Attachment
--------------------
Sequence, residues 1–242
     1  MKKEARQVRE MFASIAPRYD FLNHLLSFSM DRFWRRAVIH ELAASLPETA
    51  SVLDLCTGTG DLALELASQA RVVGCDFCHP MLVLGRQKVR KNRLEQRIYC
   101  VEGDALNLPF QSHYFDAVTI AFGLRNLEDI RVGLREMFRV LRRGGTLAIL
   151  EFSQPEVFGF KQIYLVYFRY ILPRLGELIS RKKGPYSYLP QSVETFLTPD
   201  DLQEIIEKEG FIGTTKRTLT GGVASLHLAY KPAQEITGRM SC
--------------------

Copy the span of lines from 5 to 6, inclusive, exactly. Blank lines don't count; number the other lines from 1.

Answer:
   151  EFSQPEVFGF KQIYLVYFRY ILPRLGELIS RKKGPYSYLP QSVETFLTPD
   201  DLQEIIEKEG FIGTTKRTLT GGVASLHLAY KPAQEITGRM SC